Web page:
Effects with an Ovation Guitar

by Leslie McClintock

Ovation, a guitar manufacturer in Connecticut, is well-known for pioneering round-back acoustic/electric guitars. The company makes these guitars with a solid top and high-quality piezo-electric pickups but forgoes the traditional wooden back and sides. Instead, Ovation's acoustic/electrics have a rounded one-piece bowl molded out of a composite fiberglass. The purpose is to minimize the amount of feedback encountered by acoustic musicians playing through a P.A. system at full volume in large centers.


Reverb is the most common effect employed by acoustic guitar players when recording or playing through amplification. Electronically speaking, reverb refers to the practice of simulating the sound of an instrument when played in an acoustic chamber, where the original sound bounces back to the listener as it is reflected off of any hard surface. These could be the walls of a room, a hall or an auditorium. A bit of reverb adds a touch of warmth and realism to the sound of a guitar. Add more reverb and you can make the guitar sound distant through an amplifier or on a recording.


Feedback is still a frequent problem, despite the Ovation's rounded back and sides. When a guitar pumps a signal through a sound system, sometimes the guitar itself is affected by the vibrations produced by the sound system. A loud P.A. system or amplifier can cause a string to vibrate in sympathy with the P.A. signal. The P.A. system picks up the string vibrations and adds them to the signal, which makes the string vibrate in sympathy even more, strengthening the signal and creating a feedback loop. A "notch" is an effect that cuts the signal of a specific frequency. If a guitar has a tendency to feed back at 110 Hz, or an "A" note, the player can set the "notch" to this frequency, cutting the signal and breaking the feedback loop. Some Ovation guitars have built-in notch controls so the player can cut feedback without touching the sound system.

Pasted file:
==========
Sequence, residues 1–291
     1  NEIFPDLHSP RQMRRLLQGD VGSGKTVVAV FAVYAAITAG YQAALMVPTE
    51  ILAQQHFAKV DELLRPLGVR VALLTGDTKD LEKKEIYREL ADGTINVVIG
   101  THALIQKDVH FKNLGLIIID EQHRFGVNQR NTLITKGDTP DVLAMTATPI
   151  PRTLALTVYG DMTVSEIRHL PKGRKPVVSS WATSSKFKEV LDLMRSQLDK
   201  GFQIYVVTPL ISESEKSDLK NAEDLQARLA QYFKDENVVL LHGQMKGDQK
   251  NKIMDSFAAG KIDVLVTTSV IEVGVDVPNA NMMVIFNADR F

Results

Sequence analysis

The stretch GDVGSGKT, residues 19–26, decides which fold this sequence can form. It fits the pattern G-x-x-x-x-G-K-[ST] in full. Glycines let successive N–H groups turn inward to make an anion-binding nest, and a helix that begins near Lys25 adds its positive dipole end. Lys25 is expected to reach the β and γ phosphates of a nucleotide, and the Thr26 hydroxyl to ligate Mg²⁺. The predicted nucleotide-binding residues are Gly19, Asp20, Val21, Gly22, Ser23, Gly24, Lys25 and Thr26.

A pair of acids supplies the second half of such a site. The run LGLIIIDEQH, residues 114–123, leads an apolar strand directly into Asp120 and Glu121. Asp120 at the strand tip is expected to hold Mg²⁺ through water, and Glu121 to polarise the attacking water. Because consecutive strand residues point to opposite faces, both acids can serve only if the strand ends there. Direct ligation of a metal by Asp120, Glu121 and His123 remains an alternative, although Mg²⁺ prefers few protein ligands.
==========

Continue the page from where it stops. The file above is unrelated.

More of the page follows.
A delay effect is simply the storage and rebroadcast of a signal a split second to seconds later. You can set a delay to imitate a reverb effect, or you can use it to create a "slapback" effect or even more radical sounds. You can even use a delay to record and replay a loop of several seconds long and then play along with your own loop.


A chorus effect takes the incoming guitar signal and adds a slightly out-of-tune note to the signal to create a shimmering, otherworldly effect. The effect approximates the sound you get when multiple instruments are played together but are not quite perfectly in tune.